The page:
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What is Low Dose Naltrexone (LDN)?
LDN is a safe, non-toxic and inexpensive drug that helps regulate a dysfunctional immune system.
It reduces pain, and fights inflammation. It is used to treat cancers, autoimmune diseases, chronic pain and mental health issues, to name a few. Treatment is constantly evolving, with new conditions and methods of treatment being shared regularly.
The Latest information on how LDN works click here
In 1984 Naltrexone was approved by the FDA in the USA for the treatment of opioid addiction, used at the standard dose of 50mg to 100mg per day. It is a pure antagonist at various opioid receptors, Delta Kappa, Mu, and Opioid Growth Factor (OGF) receptors.
LDN is a competitive opioid receptor antagonist. At the standard dose, naltrexone blocks the effects of both the endogenous opioids, which are in endorphins and pharmaceutical opioids. LDN is a pure antagonist, which is vital to know as a lot of people think it is a controlled medicine, narcotic or an opioid.
LDN is a pure inhibitor, so there is no narcotic effect. The chemical structure is almost identical to endorphins that we make naturally called met-enkephalin, also known as OGF or Opioid Growth Factor.
LDN is an antagonist at the OGF receptors and there are OGF receptors on a wide range of cells in the body. When we talk about low dose naltrexone we mean doses that are a 10th or less of the standard dose of Naltrexone. Most of the research studies have used 4.5mg per day. Doses range from 0.001mg – 16mg in clinical practice.
Low Dose Naltrexone binds to the endorphin receptors for about 1 – 1/2 hours, and the blockade lasts about 4 - 6 hours. The effects of LDN are analgesia and anti-inflammatory. One of the other effects is that it increases the production of your own endorphins.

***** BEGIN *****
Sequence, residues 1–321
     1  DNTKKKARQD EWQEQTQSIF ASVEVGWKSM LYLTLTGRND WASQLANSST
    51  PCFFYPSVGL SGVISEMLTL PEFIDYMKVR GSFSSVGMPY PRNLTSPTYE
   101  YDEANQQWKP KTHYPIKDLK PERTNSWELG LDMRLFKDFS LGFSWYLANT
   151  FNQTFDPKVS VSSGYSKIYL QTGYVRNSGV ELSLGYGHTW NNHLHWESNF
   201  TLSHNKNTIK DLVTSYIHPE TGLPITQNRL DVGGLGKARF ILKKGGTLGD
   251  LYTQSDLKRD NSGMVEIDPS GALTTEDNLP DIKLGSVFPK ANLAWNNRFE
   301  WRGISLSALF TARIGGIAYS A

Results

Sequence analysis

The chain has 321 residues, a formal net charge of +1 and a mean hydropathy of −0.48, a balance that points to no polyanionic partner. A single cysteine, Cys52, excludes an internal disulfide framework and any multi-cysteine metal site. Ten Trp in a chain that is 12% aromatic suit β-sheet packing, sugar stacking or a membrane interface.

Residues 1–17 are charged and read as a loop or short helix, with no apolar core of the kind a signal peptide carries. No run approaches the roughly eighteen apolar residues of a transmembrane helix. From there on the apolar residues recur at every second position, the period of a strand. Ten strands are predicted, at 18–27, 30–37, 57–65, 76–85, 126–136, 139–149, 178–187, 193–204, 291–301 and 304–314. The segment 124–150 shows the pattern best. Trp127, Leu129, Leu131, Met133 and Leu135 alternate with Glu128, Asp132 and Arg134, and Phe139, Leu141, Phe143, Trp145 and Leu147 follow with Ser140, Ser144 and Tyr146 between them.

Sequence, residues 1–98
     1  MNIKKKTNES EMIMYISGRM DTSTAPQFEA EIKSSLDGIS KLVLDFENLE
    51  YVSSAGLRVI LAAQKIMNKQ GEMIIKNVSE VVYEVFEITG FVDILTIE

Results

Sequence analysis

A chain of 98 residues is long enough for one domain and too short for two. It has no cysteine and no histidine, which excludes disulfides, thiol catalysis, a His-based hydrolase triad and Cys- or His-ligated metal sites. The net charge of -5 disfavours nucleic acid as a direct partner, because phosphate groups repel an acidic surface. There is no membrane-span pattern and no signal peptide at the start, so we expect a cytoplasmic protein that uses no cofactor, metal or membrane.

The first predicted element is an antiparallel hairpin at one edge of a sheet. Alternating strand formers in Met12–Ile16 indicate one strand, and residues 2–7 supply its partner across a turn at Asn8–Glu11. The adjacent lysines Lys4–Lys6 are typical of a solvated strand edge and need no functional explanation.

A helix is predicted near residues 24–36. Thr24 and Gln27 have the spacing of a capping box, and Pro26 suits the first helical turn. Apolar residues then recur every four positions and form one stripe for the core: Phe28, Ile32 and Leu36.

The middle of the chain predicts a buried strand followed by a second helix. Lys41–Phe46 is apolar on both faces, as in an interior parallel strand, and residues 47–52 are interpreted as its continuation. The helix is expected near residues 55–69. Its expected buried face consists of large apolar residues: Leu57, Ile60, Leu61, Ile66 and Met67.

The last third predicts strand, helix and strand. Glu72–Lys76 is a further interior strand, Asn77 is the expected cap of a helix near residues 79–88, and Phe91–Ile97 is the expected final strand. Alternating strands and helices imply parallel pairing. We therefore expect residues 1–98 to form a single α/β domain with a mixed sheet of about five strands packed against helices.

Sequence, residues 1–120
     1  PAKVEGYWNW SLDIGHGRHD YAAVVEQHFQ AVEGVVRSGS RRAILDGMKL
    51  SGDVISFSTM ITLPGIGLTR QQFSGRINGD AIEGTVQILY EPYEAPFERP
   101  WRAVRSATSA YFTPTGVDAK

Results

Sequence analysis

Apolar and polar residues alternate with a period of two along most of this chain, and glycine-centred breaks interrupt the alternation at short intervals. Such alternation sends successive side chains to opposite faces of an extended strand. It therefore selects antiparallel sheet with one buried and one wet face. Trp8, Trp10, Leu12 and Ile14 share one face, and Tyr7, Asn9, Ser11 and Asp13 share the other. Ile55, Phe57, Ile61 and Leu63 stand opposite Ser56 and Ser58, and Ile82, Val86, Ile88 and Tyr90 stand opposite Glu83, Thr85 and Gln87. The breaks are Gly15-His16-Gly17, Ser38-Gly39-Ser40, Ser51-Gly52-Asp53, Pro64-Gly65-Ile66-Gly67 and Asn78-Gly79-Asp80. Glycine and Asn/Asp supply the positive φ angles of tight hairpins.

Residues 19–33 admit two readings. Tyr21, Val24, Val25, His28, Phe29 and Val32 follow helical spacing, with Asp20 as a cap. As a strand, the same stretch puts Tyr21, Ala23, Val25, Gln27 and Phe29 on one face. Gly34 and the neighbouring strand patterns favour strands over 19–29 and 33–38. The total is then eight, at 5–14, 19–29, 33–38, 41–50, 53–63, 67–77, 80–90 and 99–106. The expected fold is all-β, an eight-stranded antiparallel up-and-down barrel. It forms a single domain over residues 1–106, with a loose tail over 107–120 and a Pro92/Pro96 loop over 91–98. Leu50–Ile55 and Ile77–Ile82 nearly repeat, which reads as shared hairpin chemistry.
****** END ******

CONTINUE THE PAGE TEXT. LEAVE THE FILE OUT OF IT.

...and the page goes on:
Research into the effects of LDN began in the 1980s by Dr. Ian Zagon and Dr. Patricia McLachlan at Penn State. Dr. Bernard Bihari, in New York was the pioneer of using LDN in clinical practice. In the mid-1980s he was using it to treat HIV in his patients. His patients were taking Naltrexone for their opioid addictions and as he weaned them off it he noticed positive side effects with other conditions and symptoms. He was a Harvard trained physician who was a specialist in neurology. He was running the New York State health department, and he was aware of the research that was going on and tried it out for clinical use.
The first published human trial was in 2007 by Dr. Jill Smith, it was a study for Crohn's disease.
- Naltrexone exists in a racemic mixture of isomers ("left-handedness and right-handedness")
- Dextro-naltrexone binds toll-like receptors (TLR)
- Levo-naltrexone binds opioid receptors
- Antagonist effect at Toll-like receptors (TLR)
- TLR-4 receptors exist on microglial cells, other macrophages, mast cells
- Activated microglial cells produce proinflammatory cytokines, substance P, nitric oxide
- Inhibition leads to a decreased proinflammatory cascade
- Antagonist effect at opioid receptors
- Small temporary opioid blockade
- Upregulates endogenous opioid production
- Upregulates opioid receptors
- Increased endorphins favourable to the immune system
Endorphins are your natural peptides produced in many cells which regulate cell growth, including your immune cells. Many patients who have autoimmune disease tend to have low levels of endorphins, Met-enkephalin, aka opioid growth factor (OGF), an important immunomodulatory. Opioid receptors are in the central and the peripheral nervous system, the GI tract, and on lymphocytes. By using LDN you receive a brief blockade, creating a rebound effect giving you more endorphins, including OGF, and increased production of the OGF receptors.